It is this wonderful time of the year. No, not awards season. Awards season is mostly anxiety-inducing because there is so much to catch up on; studios have scheduled all their good movies for that time of the year. Films that are equally good, but not as sexy, are shoved aside until January for anyone that hasn’t been satiated with the Christmas dinner of a movie slate. And yes, the most wonderful time of the year is Christmas.
The day after Halloween, stores had magically changed their windows from spooky pumpkins to snowy trees and reindeers. Here in the United Kingdom, it is also the time when we expect the new John Lewis Christmas advert almost as religiously and fervently as we do Christmas Day itself.
A special Christmas movie
For the past decade, department store John Lewis has released ads -effectively lovely little short films- touting the beauty and poetry of Christmas, extolling the wonder of Christmas shopping while ignoring the fact that it has now also become a combat sport.
This year, the ad took us all by surprise as it starred pop icon and rock’n’roll legend Elton John. See below.
The ad retraces Elton John’s history in reverse order, from the legend that he is today, through concert halls and outlandish costumes, all the way back to being a child that sat down at a piano with his mother and grandmother, all to the sound of the iconic tune of Your Song, arguably one of the most beautiful songs ever written and his signature song.
The video is beautifully made, emotional, and, by partnering with John Lewis, it also helps write the story of the Rocket Man as a quintessentially British icon. As ever, it extolls the virtues of thoughtful Christmas gifts, and it’s the thought that counts. Because a gift is a gesture, and also, through a genuine gift, Reginald Dwight became Elton John because he discovered his gift. (We could also mention the fact that Sir Elton is multiplying his appearances and media partnerships as he is on his Farewell Tour, but that is neither here nor there.)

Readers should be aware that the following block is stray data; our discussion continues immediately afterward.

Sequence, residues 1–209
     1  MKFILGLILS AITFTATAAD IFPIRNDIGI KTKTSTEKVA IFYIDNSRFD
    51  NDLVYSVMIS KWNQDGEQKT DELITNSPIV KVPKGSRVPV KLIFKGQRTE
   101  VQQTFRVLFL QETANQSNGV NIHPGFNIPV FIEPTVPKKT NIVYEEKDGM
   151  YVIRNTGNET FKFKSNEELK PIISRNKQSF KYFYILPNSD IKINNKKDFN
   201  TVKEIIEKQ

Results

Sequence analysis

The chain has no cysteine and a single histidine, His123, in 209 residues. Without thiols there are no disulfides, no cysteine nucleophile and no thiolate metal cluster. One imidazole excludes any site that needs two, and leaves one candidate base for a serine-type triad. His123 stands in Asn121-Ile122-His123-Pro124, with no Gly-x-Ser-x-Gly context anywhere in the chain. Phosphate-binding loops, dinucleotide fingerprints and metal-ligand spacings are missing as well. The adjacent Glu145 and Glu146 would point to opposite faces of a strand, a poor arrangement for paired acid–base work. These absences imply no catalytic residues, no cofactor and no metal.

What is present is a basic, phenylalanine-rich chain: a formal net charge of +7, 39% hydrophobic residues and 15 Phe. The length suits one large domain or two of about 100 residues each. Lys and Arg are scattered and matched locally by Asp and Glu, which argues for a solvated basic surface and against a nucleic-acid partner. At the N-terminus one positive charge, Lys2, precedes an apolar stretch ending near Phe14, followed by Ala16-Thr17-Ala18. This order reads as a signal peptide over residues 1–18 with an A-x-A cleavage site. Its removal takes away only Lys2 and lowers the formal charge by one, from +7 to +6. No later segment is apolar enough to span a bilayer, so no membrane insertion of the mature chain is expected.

Another kind of Christmas ad
The John Lewis ads are invariably cute and sweet, riffing on familiar images, such as the monster under the bed or children waking up early on Christmas day to open their presents. (If you are in a nostalgic mood, do have a look at all of them, they’re all on YouTube.) They are now as much a staple as It’s A Wonderful Life is. (Or close enough.) They’re the capitalistic version of the Christmas movie.
Following the release of the Elton John ad, filmmaker Phil Beastall decided to share a short film he had made in 2014. As it turns out, the film could equally serve as a Christmas ad for John Lewis. It’s not overtly an ad, it’s about Christmas, and boy is it a weeper. Take a look.
When the Elton John was more about meshing together two British icons around the Christmas spirit, this short film is much purer. It’s profound, emotional, and immensely relatable.
It’s not just a great Christmas film, it’s a great short. It is self-contained, has a narrative arc with dramatic questions and an extremely impactful finish. That’s the making of a blockbuster short film right there. It has made such an impact that there is a social media campaign to get Phil Beastall to make the John Lewis advert in 2019. Wouldn’t we like to see an independent filmmaker get that gig?
The extraordinary thing is that the film was made for just £50. It is yet another proof that, at the end of the day, you only need a good idea and a bit of craftiness to make a great film. There are key elements to making a good short film: we built a short film toolkit for you. And a good film is nothing without a good distribution and/or social media strategy: here are the tips and tricks that will save your life. After all, that film had been around for four years before it blew up on the internet.
There is an interesting aspect to the fact that a landmark cultural event of Christmastime is an advert. It speaks both of how much advertising is still very much an art form, and also how much advertising has permeated every moment of real life.
Having said that, we can appreciate those beautiful films nonetheless. And maybe you can make your own heart-tugging Christmas ad. And next year, it could be you making the best Christmas ad.